By Charles Rabin
City of Miami Auditor Victor Igwe was let go Monday after 12 years, with little explanation other than his contract had run out.
Igwe, 59, and a lightning rod of administrators over the years for uncovering the misdeeds of city workers, said four city higher-ups including Employee Relations Director Beverly Pruitt and Deputy City Manager Luis Cabrera, visited his office late Monday afternoon with a termination letter, and told him he had to leave. The letter, signed by Pruitt, said Igwe was being let go because the City Commission had taken no action since his contract ran out April 28.
It was shortly past that time when Igwe approached commissioners asking for a new contract, but was told instead Commissioner Frank Carollo would evaluate his compensation and report back to the city within 60 days. The two-month period ended Monday.
Pruitt “said she doesn’t have authority to keep paying me because the commission failed to take any action,” Igwe said.
Igwe’s final contract which he signed in 2007 – like the city clerk and the city attorney he signs four-year contracts – paid him a salary of $172,000 a year. It calls for a severance payout of six months if he’s fired, but it’s anything but automatic: The contract reads the payout can be considered, and it needs the approval of the City Commission. Igwe said he will likely seek legal counsel to determine if he’s due the payment.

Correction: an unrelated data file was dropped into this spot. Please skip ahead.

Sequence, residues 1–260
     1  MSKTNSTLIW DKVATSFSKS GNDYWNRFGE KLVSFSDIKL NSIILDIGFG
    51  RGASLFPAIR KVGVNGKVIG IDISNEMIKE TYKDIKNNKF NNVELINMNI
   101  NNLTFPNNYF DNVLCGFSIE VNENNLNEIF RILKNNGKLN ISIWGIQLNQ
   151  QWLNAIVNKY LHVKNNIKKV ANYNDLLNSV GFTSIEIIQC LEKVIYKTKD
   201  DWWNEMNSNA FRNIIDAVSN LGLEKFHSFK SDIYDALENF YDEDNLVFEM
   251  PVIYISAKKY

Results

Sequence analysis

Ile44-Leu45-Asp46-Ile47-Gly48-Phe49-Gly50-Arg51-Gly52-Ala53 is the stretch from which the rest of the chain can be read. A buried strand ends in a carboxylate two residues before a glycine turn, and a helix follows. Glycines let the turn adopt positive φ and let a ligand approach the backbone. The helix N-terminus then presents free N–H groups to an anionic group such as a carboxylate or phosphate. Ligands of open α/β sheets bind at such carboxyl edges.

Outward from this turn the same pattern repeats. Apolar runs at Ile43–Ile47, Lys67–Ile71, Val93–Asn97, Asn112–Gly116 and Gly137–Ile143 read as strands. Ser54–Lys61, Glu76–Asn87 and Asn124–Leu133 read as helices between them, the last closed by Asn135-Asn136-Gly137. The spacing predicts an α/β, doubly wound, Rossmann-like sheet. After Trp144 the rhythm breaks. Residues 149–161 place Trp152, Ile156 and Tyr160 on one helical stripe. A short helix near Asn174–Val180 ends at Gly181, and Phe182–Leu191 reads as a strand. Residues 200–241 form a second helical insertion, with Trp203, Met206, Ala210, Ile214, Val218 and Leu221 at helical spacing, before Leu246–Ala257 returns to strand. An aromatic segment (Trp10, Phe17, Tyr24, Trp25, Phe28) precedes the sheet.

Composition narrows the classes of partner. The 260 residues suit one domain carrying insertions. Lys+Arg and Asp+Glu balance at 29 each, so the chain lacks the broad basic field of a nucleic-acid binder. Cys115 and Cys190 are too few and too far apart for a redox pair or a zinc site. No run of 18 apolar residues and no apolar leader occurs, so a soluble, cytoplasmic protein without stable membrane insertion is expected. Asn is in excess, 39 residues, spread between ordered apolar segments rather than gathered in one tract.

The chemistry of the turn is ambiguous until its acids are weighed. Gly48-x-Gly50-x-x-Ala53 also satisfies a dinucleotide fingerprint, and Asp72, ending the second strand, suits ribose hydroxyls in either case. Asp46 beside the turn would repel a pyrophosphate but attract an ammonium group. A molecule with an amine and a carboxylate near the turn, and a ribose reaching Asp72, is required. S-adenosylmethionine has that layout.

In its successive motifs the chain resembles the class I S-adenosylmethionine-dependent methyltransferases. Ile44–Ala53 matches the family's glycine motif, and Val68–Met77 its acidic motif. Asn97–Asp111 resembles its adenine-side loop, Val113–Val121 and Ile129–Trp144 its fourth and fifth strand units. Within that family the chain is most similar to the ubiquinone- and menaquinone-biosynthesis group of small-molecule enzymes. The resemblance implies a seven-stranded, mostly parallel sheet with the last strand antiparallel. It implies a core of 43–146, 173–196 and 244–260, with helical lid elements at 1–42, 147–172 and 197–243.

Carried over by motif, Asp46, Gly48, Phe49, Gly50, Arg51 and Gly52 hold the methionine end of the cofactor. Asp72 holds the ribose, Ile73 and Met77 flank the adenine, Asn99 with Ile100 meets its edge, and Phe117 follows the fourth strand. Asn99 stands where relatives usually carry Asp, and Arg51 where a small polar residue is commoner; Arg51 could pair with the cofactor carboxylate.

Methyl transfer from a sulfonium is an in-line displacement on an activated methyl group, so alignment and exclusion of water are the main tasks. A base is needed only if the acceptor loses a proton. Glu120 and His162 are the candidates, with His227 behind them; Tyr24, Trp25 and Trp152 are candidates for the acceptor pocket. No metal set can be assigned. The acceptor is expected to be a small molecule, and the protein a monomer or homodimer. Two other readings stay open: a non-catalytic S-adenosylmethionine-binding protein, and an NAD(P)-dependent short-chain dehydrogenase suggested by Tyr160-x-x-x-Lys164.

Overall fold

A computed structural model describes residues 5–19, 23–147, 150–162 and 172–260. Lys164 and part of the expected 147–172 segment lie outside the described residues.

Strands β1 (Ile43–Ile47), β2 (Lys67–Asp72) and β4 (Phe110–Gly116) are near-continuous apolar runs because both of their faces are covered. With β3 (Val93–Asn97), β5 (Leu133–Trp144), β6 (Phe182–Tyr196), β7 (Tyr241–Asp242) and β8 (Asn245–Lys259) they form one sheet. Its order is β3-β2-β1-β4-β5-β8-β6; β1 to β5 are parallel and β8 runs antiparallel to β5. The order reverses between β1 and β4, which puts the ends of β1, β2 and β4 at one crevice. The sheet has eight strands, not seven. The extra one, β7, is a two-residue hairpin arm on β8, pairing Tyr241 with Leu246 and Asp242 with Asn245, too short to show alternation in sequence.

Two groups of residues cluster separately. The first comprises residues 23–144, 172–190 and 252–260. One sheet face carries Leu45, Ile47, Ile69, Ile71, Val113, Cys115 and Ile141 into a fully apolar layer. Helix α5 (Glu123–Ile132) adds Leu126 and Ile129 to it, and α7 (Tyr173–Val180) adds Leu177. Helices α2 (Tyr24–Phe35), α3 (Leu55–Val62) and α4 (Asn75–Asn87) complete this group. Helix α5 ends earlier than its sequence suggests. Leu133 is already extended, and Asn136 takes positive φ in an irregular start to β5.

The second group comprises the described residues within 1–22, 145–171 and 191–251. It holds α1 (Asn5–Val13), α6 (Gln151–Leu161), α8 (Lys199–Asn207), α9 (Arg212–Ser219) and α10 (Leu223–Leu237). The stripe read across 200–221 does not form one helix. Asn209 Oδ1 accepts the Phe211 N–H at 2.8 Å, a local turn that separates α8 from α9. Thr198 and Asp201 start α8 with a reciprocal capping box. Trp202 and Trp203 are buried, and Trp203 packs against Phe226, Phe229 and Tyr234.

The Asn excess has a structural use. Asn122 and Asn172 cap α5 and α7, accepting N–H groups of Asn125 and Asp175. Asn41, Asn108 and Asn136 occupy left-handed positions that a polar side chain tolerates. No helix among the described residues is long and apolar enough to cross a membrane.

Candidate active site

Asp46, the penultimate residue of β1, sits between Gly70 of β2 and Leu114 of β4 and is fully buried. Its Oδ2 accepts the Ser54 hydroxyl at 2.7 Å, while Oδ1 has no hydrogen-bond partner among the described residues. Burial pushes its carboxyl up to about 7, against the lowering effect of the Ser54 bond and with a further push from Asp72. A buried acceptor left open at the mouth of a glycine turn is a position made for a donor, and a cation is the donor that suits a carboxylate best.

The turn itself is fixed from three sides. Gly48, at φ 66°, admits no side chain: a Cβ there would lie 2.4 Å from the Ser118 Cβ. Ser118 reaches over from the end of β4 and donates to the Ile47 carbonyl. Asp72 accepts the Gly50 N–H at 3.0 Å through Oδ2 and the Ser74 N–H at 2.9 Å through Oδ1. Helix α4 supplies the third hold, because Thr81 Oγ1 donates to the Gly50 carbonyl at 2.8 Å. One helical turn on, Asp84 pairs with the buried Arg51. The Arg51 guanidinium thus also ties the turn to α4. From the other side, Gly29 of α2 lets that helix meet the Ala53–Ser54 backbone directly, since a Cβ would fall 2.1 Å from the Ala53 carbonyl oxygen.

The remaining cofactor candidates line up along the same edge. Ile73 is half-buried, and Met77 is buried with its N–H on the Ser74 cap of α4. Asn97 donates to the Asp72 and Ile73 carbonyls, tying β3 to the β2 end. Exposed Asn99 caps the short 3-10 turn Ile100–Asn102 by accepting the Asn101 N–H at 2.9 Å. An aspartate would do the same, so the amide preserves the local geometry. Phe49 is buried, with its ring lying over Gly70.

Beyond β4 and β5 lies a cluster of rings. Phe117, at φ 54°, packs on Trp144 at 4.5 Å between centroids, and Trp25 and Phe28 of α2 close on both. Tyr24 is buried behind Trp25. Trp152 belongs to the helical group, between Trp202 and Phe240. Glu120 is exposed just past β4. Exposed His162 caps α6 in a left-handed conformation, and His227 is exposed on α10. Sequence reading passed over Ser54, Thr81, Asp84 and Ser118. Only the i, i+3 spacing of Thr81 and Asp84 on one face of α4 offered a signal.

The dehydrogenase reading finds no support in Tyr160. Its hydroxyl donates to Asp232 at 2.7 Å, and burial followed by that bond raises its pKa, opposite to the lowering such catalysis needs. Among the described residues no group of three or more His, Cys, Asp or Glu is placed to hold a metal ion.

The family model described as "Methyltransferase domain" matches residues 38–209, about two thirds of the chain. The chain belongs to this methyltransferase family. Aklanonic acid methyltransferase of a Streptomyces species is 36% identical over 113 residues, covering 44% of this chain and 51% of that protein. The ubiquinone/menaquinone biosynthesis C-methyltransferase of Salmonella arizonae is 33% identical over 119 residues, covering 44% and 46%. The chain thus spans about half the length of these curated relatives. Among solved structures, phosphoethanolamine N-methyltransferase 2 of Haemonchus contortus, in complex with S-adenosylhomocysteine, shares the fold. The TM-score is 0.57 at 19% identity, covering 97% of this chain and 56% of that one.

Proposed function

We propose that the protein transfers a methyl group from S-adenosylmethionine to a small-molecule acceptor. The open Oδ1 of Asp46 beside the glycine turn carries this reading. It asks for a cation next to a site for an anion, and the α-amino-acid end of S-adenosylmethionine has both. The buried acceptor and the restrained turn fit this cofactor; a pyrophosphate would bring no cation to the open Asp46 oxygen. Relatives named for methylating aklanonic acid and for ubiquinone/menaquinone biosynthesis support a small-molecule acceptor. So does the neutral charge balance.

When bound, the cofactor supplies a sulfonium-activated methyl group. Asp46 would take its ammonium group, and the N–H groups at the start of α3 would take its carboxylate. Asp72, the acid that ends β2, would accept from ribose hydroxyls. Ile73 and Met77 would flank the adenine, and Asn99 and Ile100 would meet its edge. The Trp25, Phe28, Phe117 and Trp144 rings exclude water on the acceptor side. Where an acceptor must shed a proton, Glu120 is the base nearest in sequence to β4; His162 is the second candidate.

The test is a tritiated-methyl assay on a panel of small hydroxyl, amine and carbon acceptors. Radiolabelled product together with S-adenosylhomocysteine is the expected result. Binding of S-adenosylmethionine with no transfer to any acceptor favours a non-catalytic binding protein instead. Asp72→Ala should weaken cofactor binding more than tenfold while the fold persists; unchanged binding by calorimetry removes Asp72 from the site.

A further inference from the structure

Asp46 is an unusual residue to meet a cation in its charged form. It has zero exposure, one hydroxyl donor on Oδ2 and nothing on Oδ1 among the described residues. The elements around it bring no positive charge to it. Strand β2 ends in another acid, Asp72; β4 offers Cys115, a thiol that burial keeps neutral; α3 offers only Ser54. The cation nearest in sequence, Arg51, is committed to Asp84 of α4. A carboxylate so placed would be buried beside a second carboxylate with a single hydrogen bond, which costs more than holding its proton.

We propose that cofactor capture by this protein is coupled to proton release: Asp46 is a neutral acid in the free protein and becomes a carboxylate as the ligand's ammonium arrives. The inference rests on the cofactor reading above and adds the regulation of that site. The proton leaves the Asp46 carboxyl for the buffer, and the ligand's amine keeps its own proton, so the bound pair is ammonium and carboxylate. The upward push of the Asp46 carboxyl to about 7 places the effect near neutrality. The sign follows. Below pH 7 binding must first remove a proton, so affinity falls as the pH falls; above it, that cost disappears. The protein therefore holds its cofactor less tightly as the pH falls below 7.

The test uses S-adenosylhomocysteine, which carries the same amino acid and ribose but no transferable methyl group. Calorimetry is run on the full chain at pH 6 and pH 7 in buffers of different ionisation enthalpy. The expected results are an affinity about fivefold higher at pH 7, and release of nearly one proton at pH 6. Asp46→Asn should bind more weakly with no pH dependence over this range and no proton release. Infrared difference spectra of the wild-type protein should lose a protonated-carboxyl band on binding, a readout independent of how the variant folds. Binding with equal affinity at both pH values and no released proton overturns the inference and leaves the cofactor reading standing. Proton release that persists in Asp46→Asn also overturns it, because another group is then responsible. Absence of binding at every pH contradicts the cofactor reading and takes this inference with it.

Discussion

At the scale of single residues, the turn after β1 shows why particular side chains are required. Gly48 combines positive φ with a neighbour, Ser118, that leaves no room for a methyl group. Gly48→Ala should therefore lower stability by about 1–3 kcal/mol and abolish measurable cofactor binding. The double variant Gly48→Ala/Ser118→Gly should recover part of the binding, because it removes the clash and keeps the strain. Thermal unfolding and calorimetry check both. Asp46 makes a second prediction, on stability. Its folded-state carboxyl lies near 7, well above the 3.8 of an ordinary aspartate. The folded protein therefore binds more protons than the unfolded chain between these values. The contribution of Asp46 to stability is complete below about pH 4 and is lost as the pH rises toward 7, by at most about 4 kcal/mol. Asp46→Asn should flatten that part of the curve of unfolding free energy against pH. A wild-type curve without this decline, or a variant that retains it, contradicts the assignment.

Igwe has long been considered a thorn in the side of authority in Miami. He often wrote scathing audits, one over a decade ago that found the director of the Bayfront Park Trust was misusing city funds. He was jailed. Another audit found illegal payments from a city Community Redevelopment Agency, which eventually led to investigations involving former City Commissioner Arthur Teele Jr., who eventually killed himself in the lobby of The Miami Herald building.
Via Miami Herald